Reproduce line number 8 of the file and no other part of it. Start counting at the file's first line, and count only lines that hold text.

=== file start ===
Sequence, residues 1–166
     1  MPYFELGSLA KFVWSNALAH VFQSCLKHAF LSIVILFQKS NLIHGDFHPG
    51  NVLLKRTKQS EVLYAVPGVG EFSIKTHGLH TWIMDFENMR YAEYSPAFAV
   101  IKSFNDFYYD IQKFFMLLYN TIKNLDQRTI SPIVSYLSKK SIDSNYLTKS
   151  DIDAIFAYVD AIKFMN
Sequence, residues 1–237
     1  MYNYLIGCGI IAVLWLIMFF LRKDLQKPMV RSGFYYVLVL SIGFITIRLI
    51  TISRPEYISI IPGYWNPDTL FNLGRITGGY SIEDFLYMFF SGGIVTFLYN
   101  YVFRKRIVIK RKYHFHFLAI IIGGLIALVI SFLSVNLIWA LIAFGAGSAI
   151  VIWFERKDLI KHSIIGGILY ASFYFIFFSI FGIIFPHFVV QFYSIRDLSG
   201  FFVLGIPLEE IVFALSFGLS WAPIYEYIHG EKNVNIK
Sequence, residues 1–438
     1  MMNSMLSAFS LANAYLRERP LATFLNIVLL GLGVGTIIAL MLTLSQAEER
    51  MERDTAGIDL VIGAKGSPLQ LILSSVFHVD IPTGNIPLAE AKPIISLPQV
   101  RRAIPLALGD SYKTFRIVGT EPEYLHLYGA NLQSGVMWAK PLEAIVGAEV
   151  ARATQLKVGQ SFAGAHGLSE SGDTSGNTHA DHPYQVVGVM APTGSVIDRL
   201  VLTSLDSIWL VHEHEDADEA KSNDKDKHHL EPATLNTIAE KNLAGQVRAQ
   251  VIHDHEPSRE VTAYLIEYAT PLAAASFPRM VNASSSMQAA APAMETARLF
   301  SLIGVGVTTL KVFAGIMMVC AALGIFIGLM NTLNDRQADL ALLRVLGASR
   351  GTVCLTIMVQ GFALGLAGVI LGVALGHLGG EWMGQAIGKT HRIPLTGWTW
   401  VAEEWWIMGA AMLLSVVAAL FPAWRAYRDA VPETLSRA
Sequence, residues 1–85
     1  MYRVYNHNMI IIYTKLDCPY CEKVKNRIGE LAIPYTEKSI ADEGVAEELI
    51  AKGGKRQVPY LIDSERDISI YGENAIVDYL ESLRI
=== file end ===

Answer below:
    51  TISRPEYISI IPGYWNPDTL FNLGRITGGY SIEDFLYMFF SGGIVTFLYN